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theEweekly Wrap

Google Removal Messages – Facebook Study Probe – Man vs Instagram

Google messages Publishers about right to be forgotten removals

This week, Google has been getting in touch with online publishers to tell them that links have been removed from search results because of the right to be forgotten.

Lots of publishers say they've received a Google notification about link removals. These are sites like the BBC, the Guardian, and even smaller industry specific sites like searchengineland.com.

The right to be forgotten came to everyone's attention in May. On grounds of privacy and irrelevance, Spaniard Mario Costeja Gonzalez successfully argued that when you search for his name in Google the search should not show results about an embarrassing house repossession issue he had in 1998.

He spoke to the Guardian at the time and said "I was fighting for the elimination of data that adversely affects people's honour, dignity and exposes their private lives."

Since that time there's been much concern about where these changes could take us. The two sides of the debate are plain enough. On the one hand, that people should have the right to such removals under the right conditions. On the other, that this is basically censorship, and how do we make a distinction between what should and shouldn't go.

Now the first wave of removals are coming through and The Guardian's James Bell thinks that Google has tacitly taken a side in the debate:

"It's clearly a reluctant participant in what effectively amounts to censorship. Whether for commercial or free speech reasons (or both), it's informing sites when their content is blocked."

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Facebook faces probe over emotion study

Next up. Things look pretty uncomfortable over at Facebook, which is facing a probe from a UK regulatory body after its somewhat unpopular emotion experiment caused an intellectual and public outcry.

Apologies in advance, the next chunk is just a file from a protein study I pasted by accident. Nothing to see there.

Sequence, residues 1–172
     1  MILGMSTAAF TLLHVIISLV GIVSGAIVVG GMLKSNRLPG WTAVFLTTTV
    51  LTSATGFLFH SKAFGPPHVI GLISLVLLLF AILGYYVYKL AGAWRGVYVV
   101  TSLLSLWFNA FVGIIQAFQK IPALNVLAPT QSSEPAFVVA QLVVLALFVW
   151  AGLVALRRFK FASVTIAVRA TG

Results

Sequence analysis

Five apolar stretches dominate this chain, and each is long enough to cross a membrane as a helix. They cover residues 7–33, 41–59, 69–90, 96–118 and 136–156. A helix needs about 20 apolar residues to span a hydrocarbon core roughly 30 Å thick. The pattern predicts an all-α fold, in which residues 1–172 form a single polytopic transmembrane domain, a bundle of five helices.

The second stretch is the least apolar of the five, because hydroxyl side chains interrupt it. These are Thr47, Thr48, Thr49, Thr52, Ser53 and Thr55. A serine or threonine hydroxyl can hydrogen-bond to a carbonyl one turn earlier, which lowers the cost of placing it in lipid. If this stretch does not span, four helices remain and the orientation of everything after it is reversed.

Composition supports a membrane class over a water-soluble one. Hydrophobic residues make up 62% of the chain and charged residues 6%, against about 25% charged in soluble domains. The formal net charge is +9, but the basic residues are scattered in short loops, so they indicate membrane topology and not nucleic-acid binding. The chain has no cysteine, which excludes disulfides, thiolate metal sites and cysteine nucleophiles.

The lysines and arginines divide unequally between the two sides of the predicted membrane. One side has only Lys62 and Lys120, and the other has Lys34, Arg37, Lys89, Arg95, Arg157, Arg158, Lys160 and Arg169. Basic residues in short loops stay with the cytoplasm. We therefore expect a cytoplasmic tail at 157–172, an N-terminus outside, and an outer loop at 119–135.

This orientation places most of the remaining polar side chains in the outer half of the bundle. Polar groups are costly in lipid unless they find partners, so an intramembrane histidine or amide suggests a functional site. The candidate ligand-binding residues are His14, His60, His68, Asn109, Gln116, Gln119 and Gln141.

The study was done on just shy of 700,000 users and was in collaboration with two high profile colleges, Cornell University and University of California. They were trying to find out does exposure to certain emotions change the posting behaviour of users. Controversially, it turns out the answer is yes.

As a result the experiment has not gone down well. It's been condemned for the fact that users were not told they were participating in the study. It's been criticised for failing to conform to ethical standards by legal experts. And it's been questioned by politicians such as Jim Sheridan MP who pledged to investigate if new legislation is needed.

Earlier this week, news broke online suggesting that Facebook may have broken UK data protection laws with its study. And the Financial Times reported that the Information Commissioners Office (ICO) are probing the experiment.

Facebook doesn't appear to be sweating it though. Richard Allan, director of policy in Europe, said Facebook is happy to answer any questions the regulators may have.

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Man finds rude

And finally, Man vs Food star Adam Richman has had his new show indefinitely postponed after he served up a fierce selection of insults to users on Instagram.

It all started when for his new photo on the site he cooked up a comment which read:

"Had ordered this suit from a Savile Row tailor over a year ago. Think I'm gonna need to take it in a little ..."

It was intended to be an innocuous comment about losing weight, but one commentator picked up on Richman's use of the hashtag #thinspiration. Saying it "glorifies negative media self-imagery that being thin is better as opposed to any other body style".

It so turns out that the hashtag has ties both to anorexia sufferers and to blogs and sites which promote unhealthy amounts of weight loss.

Being made aware of this, you would probably expect an apology of sorts. Richman, responded:

'Does it look like I give a ****'

And he didn't stop dolloping out the abuse there, liberally dishing out insults to any critics.

"No apology is coming. If it inspires someone to attain a healthy thinner body then that was what it was meant to do."

As if thinks weren't hot enough already the Travel Channel, due to air Richman's new show Man Finds Food in July, then announced they were postponing his show - indefinitely.

They say if you can't stand the heat, get out of the kitchen. By this point the drama was all too much for Richman, who has since gone on the telly to apologise.

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